Some members of the medical community worry that the high amount of caffeine in Enviga -- 100 milligrams per serving, or 300 if drinkers consume the suggested three cans per day -- could increase metabolisms to dangerous levels.
"The caffeine intake [of] 300 milligrams per day is a level that can cause jitteriness...elevated heart rate, and anxiety," said Leslie Bonci, director of sports nutrition at the University of Pittsburgh Medical Center.
Bonci said that despite its shiny silver packaging, Enviga is no magic bullet.
"Everyone wants the magic bullet for weight loss, so this will be one of many products people will try in the quest for the quick fix," she said. "The issues are not just weight loss, but safe weight loss. Caffeine is not safe for everyone especially in larger quantities."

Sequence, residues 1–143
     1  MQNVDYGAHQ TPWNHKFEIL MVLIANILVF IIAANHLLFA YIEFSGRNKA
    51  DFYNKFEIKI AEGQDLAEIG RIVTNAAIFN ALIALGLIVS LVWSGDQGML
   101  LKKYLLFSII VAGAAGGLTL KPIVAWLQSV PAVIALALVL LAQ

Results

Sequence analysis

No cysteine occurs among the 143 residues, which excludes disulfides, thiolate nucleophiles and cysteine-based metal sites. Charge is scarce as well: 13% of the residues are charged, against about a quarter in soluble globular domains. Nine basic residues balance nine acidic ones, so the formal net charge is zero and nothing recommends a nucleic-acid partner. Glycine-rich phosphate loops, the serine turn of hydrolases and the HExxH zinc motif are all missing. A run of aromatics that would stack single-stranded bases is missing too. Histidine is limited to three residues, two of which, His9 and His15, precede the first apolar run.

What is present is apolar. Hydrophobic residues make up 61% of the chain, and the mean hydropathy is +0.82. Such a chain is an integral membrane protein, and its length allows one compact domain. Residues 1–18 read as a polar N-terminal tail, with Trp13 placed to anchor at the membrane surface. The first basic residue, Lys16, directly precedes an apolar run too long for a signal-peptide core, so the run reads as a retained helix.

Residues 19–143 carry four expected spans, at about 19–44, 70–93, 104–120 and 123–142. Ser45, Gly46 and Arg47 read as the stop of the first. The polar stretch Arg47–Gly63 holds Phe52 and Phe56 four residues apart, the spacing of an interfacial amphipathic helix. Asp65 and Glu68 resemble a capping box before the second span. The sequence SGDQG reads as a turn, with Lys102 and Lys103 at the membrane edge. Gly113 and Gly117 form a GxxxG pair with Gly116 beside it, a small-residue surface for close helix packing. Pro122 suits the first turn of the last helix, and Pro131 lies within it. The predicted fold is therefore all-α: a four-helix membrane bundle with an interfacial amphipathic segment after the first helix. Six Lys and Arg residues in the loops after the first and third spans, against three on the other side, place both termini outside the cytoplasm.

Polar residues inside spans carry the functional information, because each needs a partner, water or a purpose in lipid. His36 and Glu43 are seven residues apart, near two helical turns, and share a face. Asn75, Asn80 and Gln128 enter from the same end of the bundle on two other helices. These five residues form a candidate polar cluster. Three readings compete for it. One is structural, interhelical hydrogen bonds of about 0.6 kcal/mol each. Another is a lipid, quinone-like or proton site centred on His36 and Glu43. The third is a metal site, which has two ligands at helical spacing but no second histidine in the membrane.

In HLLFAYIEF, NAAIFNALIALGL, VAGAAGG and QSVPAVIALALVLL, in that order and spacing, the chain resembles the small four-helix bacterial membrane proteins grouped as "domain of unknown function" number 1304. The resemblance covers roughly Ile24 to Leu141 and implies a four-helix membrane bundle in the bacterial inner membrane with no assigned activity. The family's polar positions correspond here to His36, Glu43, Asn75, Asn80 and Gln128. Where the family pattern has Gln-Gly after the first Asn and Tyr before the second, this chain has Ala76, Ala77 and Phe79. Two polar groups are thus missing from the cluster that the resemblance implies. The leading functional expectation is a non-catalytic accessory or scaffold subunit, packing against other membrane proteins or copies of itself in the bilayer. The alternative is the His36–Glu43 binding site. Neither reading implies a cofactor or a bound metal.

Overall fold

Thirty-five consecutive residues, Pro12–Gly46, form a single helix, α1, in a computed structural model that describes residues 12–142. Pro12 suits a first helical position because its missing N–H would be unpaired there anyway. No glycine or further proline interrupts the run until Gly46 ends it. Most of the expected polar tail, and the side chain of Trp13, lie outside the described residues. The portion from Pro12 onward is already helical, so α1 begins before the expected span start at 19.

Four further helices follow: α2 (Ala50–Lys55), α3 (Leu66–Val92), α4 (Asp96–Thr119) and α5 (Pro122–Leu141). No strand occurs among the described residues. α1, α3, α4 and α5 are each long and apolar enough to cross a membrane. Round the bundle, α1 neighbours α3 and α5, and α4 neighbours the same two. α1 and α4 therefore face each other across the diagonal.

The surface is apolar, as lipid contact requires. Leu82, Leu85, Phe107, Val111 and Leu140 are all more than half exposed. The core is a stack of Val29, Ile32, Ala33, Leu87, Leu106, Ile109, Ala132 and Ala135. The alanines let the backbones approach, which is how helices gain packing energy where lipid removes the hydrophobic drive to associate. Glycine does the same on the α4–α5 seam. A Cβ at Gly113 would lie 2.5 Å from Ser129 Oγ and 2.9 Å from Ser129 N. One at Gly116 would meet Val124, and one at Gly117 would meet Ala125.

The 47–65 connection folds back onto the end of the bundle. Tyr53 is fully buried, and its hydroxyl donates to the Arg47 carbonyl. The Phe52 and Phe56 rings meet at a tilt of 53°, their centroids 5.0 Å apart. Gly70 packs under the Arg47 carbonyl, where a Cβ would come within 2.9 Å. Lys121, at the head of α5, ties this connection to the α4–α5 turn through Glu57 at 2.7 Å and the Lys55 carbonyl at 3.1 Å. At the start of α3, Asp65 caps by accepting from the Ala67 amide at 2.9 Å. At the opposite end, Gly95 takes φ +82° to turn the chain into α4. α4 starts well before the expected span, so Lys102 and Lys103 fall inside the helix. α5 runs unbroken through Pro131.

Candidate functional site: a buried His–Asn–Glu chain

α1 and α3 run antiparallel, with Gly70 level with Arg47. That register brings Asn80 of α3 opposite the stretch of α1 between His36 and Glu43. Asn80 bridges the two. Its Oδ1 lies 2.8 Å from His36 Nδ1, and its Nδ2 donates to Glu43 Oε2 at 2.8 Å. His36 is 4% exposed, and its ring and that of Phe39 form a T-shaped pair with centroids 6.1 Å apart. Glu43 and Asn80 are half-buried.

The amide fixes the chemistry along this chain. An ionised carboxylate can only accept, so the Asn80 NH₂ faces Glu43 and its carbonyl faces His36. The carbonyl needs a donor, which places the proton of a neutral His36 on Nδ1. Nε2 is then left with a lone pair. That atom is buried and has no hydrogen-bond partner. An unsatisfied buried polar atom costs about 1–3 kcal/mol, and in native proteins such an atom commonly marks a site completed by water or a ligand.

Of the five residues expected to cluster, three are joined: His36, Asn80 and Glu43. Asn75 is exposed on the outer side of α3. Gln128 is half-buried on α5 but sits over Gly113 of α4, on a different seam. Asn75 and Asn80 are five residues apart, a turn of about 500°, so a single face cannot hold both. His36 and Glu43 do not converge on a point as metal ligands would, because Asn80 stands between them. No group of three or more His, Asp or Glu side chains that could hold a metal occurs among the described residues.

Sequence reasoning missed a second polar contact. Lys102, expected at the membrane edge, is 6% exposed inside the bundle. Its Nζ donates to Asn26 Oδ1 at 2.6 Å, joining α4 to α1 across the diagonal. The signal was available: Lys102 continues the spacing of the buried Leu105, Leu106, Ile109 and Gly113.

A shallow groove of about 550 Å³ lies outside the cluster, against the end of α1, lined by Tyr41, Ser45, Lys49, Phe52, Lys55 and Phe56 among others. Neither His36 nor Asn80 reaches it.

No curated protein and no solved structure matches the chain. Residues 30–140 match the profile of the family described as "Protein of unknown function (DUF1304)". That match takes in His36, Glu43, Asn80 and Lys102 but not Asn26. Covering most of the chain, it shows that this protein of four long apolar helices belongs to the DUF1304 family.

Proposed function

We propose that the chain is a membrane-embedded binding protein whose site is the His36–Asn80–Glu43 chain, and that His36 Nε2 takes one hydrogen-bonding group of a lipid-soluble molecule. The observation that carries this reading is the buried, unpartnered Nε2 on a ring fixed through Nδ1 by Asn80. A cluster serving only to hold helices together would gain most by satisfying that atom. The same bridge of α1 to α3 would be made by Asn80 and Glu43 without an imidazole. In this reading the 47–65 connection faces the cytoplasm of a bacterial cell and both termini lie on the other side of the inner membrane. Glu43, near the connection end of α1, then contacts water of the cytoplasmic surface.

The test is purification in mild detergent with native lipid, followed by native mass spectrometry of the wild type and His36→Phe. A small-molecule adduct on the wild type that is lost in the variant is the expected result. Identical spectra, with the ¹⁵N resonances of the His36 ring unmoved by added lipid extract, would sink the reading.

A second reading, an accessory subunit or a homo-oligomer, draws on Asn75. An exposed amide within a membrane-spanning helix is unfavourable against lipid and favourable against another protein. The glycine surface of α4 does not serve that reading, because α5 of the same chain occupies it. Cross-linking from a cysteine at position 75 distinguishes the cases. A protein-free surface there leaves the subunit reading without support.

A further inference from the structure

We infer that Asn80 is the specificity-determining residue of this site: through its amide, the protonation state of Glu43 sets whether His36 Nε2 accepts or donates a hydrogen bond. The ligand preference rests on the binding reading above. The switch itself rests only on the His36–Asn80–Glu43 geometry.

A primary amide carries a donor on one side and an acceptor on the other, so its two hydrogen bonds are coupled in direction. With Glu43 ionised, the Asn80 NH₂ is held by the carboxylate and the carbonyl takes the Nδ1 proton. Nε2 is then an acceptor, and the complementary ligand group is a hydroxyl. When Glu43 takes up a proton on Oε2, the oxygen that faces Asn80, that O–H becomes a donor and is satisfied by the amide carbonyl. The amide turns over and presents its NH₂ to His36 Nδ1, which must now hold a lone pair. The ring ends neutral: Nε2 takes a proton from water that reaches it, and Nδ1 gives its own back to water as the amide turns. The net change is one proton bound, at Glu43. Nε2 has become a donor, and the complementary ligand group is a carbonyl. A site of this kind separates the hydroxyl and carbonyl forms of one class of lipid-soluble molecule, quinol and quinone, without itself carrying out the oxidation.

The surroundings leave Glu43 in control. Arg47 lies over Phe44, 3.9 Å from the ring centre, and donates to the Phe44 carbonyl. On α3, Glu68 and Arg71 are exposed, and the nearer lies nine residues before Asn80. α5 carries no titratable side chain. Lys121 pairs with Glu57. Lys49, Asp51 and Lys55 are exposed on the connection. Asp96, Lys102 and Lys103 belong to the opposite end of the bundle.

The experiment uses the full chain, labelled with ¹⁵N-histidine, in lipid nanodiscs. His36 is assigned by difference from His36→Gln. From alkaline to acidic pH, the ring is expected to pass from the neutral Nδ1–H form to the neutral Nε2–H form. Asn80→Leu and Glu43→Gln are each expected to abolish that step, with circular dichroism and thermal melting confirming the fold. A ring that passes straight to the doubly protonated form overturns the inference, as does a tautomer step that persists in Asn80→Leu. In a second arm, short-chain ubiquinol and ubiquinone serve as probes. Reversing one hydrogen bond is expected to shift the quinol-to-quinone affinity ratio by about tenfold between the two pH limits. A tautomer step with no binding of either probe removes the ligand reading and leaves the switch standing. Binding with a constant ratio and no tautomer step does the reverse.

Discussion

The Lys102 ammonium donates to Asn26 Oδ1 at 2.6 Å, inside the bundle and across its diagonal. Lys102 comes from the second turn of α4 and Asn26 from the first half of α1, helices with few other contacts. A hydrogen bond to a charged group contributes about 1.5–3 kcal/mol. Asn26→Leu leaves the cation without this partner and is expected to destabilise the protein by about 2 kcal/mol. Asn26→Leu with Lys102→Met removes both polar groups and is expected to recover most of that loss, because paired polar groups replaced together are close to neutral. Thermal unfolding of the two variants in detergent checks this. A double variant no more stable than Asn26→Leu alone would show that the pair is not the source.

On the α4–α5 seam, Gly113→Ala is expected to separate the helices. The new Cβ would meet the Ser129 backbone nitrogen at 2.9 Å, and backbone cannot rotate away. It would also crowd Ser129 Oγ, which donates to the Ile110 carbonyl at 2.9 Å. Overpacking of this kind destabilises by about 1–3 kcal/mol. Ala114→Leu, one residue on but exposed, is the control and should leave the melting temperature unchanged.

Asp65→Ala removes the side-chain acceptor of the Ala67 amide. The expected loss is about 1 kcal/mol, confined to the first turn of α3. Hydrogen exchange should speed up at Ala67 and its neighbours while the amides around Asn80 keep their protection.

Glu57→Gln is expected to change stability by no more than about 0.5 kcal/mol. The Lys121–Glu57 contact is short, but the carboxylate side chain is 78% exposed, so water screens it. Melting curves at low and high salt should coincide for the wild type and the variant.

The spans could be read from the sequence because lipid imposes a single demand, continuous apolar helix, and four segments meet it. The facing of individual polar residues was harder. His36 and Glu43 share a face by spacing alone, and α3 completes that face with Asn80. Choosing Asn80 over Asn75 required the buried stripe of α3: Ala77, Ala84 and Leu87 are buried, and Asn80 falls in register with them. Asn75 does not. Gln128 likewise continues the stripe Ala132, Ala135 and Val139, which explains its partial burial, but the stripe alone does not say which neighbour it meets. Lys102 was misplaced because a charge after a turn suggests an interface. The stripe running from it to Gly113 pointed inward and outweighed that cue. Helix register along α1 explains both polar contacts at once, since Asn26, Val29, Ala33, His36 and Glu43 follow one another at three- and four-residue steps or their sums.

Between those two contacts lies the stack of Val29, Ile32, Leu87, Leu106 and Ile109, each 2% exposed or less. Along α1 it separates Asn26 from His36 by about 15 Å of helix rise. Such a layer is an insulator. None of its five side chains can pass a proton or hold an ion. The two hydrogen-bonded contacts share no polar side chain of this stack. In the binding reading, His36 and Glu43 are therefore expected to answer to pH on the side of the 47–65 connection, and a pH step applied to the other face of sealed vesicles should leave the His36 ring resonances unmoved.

Doctors fear that Enviga encourages Americans to search for a quick fix for weight loss and ignore the time-honored solution -- eating right and sweating off the pounds with exercise.
"My concern is that when people latch onto this, they think they don't have to do the hard stuff," Katz said. "The fundamentals of healthful eating and activity do pertain to everybody."
Not only could Enviga lead dieters down the wrong path, the three-cans-per-day recommendation could also pan out to be an expensive weight loss venture.
"Given the fact that a pound is 3500 calories...at $1.30-$1.50 a can it is going to cost anywhere between $136-$315 to lose a pound," Bonci said. "You can put on a pair of walking shoes and burn more calories without paying a dime."
Rather than drinking Enviga, doctors might offer the following prescription for dieters: get off the couch, exercise, drink regular green tea afterwards -- science shows the beverage in its pure form is indeed healthful. Repeat and reap rewards in the New Year.